Part 1 Case Study

Part 1 Case Study




Part 1: Case Study


Potential problems in the manufacturing process

Both the small, medium and large engines would be skewed to having poor performances as listed.

There are also mechanisms that have led to compact, large, mid-size, small, sporty and vans. Passengers are observed to have issues with the vehicles owing to how they have been made.

There are also various vehicles having issues when it comes to the MPG.

The fuel tank is also observed to be having issues with the developments. This is in relation to large, medium and small tanks.

Investigate these high and low measurements

Manufacturer Origin Model Type Passengers Price

Honda non-US Civic Small 4 12.1

Geo non-US Metro Small 4 8.4

Suzuki non-US Swift Small 4 8.6

The price of Honda more so, the small one is affordable.

Highest 10% and the lowest 10% of these measurement

Q1 1.2175

Q4 2.285

Better ways to select the outlier values

When the interquartile range is given a multiplier effect of 1.5. Then we are able to ascertain the outlier values that are present.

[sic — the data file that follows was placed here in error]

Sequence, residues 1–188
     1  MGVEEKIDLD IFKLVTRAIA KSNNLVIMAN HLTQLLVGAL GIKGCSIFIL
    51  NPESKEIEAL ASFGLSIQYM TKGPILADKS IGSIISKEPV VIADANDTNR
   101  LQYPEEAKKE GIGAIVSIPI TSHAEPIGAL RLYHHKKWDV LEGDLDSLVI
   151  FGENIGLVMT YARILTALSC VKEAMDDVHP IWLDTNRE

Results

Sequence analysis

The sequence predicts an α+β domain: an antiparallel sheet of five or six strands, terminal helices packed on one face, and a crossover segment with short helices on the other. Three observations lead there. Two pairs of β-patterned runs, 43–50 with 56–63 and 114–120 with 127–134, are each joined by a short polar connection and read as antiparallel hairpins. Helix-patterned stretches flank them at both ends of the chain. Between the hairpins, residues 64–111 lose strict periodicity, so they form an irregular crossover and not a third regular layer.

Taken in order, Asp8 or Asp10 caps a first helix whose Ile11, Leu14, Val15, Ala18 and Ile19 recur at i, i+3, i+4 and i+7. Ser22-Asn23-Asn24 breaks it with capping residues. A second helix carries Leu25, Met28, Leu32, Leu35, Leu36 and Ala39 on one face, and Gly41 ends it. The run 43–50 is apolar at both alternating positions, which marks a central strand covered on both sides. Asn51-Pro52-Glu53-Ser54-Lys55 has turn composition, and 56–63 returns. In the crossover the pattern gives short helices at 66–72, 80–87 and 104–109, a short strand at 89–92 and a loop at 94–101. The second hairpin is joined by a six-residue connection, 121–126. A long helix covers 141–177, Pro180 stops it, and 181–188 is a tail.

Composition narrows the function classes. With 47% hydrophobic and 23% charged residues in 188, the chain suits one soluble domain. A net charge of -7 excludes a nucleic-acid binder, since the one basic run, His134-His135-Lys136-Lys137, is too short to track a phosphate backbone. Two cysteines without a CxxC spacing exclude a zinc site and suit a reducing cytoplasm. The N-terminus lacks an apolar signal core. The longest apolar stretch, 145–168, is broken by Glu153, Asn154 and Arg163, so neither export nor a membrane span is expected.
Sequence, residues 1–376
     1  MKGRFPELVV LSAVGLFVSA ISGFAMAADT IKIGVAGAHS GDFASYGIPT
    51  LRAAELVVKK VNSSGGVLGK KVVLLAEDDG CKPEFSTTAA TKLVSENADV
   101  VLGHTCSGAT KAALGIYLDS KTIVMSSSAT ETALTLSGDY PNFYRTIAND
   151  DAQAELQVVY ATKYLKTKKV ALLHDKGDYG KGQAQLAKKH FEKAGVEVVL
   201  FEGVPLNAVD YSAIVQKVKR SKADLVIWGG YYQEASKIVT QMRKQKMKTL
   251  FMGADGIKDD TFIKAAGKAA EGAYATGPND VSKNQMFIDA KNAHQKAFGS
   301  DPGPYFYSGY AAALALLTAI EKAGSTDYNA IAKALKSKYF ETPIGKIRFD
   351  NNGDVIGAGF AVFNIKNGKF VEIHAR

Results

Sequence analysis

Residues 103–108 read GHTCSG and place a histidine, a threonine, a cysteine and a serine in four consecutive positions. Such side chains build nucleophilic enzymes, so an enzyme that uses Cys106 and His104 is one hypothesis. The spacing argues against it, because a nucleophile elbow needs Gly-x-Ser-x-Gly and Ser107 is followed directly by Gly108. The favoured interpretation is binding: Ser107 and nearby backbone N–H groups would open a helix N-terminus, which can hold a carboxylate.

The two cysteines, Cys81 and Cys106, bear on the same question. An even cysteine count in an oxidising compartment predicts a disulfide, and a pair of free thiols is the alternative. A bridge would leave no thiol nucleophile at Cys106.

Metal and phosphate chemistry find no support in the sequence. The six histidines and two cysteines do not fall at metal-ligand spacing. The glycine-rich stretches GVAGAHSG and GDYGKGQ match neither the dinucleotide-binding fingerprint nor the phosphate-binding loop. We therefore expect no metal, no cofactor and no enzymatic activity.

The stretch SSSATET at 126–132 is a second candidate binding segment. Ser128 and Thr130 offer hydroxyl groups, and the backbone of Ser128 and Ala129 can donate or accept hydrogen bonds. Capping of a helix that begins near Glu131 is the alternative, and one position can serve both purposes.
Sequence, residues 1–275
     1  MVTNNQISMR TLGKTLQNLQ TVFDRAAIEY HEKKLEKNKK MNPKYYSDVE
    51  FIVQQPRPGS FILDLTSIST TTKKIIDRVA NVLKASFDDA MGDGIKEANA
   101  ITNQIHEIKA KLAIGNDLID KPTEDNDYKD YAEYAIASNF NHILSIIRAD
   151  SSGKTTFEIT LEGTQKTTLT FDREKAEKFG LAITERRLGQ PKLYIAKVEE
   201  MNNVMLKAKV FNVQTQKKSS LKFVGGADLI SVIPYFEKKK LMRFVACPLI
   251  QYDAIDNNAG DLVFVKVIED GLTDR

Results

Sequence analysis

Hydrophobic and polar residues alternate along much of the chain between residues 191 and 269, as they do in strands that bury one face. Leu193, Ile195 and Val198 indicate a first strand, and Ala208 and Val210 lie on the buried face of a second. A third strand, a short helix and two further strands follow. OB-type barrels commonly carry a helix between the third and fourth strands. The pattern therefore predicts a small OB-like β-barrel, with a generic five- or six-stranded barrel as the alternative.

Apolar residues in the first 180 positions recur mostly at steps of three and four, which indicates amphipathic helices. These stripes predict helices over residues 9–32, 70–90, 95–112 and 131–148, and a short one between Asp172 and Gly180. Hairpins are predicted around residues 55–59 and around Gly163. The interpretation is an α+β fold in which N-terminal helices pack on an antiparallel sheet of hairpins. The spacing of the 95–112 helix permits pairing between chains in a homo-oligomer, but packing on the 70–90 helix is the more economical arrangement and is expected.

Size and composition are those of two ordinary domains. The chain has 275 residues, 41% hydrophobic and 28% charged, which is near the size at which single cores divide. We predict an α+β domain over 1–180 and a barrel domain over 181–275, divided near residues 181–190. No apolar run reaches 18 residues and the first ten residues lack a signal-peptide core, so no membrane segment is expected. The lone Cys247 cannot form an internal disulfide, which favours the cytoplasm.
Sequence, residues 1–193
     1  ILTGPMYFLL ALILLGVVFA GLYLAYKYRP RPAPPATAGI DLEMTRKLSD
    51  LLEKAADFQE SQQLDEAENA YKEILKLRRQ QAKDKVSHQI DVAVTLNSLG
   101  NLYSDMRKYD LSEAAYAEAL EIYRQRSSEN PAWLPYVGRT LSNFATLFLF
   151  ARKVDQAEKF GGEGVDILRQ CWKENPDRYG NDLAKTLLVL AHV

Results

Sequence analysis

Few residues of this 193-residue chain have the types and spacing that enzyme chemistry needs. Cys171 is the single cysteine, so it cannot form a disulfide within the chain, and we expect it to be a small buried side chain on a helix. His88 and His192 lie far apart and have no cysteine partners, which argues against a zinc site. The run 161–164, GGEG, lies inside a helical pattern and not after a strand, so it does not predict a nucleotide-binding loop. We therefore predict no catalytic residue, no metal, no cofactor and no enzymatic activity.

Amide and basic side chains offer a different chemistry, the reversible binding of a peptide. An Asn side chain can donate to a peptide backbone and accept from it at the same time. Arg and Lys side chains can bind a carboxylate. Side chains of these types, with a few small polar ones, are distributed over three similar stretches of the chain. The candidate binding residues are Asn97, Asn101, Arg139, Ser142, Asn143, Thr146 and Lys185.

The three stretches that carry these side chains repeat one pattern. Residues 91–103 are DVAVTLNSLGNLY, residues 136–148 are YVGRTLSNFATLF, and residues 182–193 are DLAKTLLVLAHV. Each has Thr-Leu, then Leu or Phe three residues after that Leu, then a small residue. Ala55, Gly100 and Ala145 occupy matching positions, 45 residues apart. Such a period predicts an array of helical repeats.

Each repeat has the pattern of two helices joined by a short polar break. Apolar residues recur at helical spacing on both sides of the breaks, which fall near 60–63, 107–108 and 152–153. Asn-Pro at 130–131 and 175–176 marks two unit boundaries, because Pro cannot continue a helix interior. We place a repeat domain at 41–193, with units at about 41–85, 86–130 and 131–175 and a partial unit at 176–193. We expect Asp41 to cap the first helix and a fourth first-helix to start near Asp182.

Subtraction of 1.5 interquartile range from the 1st quarter would result in less values deemed as outliers. Hence, the numbers would be sorted from high to low. This can be visualized through a box plot.

Fences can be used to introduce interquartile ranges.

Statistical procedures can be used to come up with the skewed values.

Reasoning and answers for distributions that are normal or skewed

Their ought to be outliers in a system of which would result in the framework having a normal curve. The values cannot be the same at any given point. Thus, proving that they are correct and have a statistical element.

Part 2: Box Plot

Population size: 92

Median: 17.6

Minimum: 7.4

Maximum: 47.9

First quartile: 12.125

Third quartile: 23.15

Interquartile Range: 11.025

Outliers: 47.9 40.1

Weight data from the Cars data set located in the Group Project assignment

Values for the 5-number summary

Upper and lower fences

Discuss the shape of the data outliers in your comments.